In May this year, Samoa’s Youth in Climate Action Network (Y.C.A.N.) learned they had won a Ramsar Wetland Conservation award of US$10,000 (T$26,609).
President Samantha Kwan, still very much taken aback by the win, travelled to Dubai yesterday to accept the prize.
The group has been hard at work since 2015 replanting and restoring mangroves and rehabilitating coral reefs on Samoa’s borders.
“Most of our members live on the coastline,” Ms. Kwan said.
“They are at the forefront of the changes happening because of climate change and they can link it to what they see reporting in the media, and see a direct relationship to the action we are taking.”
With the Ramsar prize, the group will reach more youth to enable greater action against an unliveable planet.
More funding means more training and capacity building, not only for youth to know how to restore mangroves or plant more trees, but understand why, and how to pass on that information on to their communities, Ms. Kwan said.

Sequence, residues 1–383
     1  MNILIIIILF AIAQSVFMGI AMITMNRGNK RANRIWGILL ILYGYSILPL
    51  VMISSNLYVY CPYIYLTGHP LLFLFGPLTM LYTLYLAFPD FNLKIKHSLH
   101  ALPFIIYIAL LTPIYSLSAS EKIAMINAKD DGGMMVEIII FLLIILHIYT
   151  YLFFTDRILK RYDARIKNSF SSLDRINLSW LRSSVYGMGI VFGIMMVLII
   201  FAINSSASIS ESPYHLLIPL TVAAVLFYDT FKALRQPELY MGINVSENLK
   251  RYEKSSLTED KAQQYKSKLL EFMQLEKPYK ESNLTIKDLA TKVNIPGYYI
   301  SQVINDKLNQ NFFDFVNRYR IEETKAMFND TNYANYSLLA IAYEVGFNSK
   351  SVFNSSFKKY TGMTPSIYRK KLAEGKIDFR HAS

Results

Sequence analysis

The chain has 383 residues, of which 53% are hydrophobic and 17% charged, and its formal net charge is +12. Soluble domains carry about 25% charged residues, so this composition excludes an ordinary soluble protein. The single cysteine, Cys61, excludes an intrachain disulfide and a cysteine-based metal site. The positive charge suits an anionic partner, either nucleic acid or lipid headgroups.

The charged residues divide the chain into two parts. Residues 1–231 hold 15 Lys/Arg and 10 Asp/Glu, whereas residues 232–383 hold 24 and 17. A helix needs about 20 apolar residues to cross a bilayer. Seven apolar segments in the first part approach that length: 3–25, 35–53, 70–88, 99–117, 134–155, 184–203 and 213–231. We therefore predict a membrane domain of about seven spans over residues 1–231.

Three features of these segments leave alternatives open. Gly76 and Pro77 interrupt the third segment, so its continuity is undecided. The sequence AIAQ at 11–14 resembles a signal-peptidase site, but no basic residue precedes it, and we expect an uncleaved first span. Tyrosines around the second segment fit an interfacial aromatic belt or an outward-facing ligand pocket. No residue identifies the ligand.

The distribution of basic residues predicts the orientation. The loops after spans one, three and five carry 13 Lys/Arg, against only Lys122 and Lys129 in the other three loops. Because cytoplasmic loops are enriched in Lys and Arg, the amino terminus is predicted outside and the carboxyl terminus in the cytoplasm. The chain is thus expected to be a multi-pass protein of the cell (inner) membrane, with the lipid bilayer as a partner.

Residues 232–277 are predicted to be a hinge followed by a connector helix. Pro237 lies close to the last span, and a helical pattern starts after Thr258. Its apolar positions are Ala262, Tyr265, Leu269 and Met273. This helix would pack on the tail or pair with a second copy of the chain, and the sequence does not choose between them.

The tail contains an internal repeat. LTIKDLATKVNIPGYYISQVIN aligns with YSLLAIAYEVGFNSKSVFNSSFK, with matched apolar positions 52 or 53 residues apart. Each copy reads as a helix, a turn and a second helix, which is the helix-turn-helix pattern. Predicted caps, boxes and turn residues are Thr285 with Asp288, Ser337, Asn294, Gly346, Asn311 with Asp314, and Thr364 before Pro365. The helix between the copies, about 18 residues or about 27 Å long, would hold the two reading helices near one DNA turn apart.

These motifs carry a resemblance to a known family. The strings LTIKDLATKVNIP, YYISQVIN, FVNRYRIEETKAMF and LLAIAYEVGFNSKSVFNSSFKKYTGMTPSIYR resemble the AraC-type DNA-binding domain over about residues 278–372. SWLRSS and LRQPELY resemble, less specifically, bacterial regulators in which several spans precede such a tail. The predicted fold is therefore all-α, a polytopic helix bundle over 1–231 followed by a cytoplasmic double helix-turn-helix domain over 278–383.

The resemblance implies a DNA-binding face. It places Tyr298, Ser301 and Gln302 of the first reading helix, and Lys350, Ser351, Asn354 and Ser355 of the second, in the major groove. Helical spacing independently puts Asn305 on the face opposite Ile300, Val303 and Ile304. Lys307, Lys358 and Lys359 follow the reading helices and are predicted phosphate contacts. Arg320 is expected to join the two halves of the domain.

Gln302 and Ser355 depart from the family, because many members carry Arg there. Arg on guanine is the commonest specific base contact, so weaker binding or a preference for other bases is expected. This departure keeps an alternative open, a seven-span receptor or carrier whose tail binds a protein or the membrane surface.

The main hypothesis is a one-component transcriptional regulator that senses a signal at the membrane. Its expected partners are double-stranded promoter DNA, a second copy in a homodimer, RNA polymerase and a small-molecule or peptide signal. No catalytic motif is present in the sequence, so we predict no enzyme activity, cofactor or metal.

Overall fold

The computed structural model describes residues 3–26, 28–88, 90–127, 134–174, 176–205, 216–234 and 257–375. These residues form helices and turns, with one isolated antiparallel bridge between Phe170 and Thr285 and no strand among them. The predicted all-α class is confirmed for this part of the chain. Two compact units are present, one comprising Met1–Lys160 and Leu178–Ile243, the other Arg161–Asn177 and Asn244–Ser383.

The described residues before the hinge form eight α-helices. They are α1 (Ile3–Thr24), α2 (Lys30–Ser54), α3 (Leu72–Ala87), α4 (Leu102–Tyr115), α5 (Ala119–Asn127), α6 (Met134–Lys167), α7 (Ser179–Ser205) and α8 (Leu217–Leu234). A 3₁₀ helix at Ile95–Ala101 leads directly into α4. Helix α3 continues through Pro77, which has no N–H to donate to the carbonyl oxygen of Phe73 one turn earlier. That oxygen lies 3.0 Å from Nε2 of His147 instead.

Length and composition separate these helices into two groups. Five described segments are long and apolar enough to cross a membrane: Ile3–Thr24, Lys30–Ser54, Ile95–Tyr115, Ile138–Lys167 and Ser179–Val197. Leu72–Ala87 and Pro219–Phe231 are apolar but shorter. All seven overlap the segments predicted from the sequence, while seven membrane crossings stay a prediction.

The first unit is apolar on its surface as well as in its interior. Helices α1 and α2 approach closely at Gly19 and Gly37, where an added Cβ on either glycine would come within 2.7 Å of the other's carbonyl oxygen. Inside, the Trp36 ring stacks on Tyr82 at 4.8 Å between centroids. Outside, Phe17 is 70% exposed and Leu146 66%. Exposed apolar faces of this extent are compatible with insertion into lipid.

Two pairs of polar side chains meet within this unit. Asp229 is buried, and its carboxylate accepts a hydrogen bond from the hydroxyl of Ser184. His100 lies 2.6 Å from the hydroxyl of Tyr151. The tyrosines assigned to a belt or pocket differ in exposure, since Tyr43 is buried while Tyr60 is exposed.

The Ramsar Conservation is an award for Young Wetlands Champions. Ms. Kwan said it’s great to see youth in particular being honoured.
As a conservation officer at the Ministry of Resources and Natural Environment, Ms. Kwan said she used to see the voices of youth ignored in the conservation policy space or brought in as tokenistic gestures.
“But there has definitely been a huge shift since we started Y.C.A.N,” she said.
“We’re actually a partner to M.N.R.E. to implement the National Environment Sector Plan for 2017-2020 because they see the work we do on the ground.”
Y.C.A.N. is a three-year old youth group working on defending Samoa’s coastal areas from pollution, reef degradation, species loss and more.
The Ramsar Wetland Conservation Awards were established in 1996 to recognise and work to promote the conservation and wise use of wetlands.
Ramsar is the oldest of the modern global intergovernmental environmental agreements and was negotiated through the 1960’s. It was adopted in the Iranian city of Ramsar in 1971 and came into force in 1975.